I did not yet read the HTTP/2 draft but I've read the SPDY draft about 2.5 years ago. So I might be wrong here with my assumptions.

We're now about 17 years into the IPv6 migration and still we do not have widespread IPv6 adoption on the client side. That's mostly an issue of CPE device rotation at the customer side and updating provisioning solutions. For the server side we're more or less done. Operating system support is there, commercial firewall and router vendors picked it up in the last ten years, datacenter providers are ready, so we're waiting for the users to put some pressure on providing a service via IPv6.

Looking at HTTP/2 it's also a different protocol. The gap might be somewhat closer than the one between IPv4 and IPv6, but it's still huge. Now I'd bet that in the case of HTTP/2 we'll also see a really slow adoption, but this time it's not the client side that's holding back the adoption. For HTTP/2 I've no doubts about a fast adoption on the client side. Google and Mozilla are nowadays providing some kind of continues delivery of new features to the end user on a monthly basis (surprisingly that also works for mobile devices!). So the web browser near you will soon have a HTTP/2 implementation. Even Microsoft is switching to a new development model of rolling updates with Windows 10 and the Internet Explorer successor. But looking at the server side I doubt we'll have widespread HTTP/2 support within the next 5 years. Maybe in 10. But I doubt even that.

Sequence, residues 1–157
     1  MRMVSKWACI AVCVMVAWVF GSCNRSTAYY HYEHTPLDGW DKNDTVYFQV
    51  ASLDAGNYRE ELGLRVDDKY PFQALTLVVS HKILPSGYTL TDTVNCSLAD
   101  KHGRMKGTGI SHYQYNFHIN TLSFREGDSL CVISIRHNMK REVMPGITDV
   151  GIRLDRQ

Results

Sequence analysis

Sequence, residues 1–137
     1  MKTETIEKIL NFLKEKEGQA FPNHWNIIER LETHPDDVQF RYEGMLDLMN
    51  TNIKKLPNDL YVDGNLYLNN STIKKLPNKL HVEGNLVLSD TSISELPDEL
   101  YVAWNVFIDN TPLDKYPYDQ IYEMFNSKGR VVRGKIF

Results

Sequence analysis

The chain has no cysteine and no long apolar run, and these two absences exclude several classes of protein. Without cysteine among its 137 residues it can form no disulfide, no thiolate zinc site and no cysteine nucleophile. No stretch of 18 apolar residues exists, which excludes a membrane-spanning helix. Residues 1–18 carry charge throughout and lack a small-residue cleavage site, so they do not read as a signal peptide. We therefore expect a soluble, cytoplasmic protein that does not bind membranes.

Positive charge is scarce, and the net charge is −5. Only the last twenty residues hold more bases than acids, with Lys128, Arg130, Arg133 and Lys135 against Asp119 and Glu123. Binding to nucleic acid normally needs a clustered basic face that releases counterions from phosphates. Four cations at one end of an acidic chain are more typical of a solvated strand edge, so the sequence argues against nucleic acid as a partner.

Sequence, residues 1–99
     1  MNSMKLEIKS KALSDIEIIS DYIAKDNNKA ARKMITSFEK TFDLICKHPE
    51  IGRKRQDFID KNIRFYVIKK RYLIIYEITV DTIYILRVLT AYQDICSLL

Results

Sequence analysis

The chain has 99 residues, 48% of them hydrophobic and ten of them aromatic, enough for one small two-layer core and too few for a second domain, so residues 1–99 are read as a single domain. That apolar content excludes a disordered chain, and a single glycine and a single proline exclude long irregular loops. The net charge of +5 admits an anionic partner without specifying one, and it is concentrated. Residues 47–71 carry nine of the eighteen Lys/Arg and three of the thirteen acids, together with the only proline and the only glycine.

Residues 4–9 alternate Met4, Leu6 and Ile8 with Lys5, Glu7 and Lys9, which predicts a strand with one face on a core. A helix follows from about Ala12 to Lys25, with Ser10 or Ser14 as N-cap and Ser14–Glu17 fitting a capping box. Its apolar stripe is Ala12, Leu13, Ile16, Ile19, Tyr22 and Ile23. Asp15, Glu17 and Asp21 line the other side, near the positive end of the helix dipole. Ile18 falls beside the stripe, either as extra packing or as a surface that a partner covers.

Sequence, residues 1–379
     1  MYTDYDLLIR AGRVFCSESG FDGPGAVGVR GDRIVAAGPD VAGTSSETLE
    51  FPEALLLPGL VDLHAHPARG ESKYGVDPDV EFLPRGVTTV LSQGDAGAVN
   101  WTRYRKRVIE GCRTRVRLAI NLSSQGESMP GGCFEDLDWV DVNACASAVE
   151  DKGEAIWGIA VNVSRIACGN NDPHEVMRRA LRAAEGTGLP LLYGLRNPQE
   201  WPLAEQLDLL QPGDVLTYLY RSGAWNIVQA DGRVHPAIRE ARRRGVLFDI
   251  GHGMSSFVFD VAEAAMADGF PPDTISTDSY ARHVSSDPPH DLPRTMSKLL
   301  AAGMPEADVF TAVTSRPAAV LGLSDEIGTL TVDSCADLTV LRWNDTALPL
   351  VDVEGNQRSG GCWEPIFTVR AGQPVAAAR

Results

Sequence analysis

With all those reverse proxies, interception devices for header enrichment at mobile carriers, application servers, self written HTTP implementations, load balancers and so on I doubt we'll have a fast and smooth migration ahead. But maybe we're all lucky and I'm wrong. I'd really love to be wrong here.

Maybe we can provide working IPv4-IPv6 dual-stack setups for everyone in the meantime.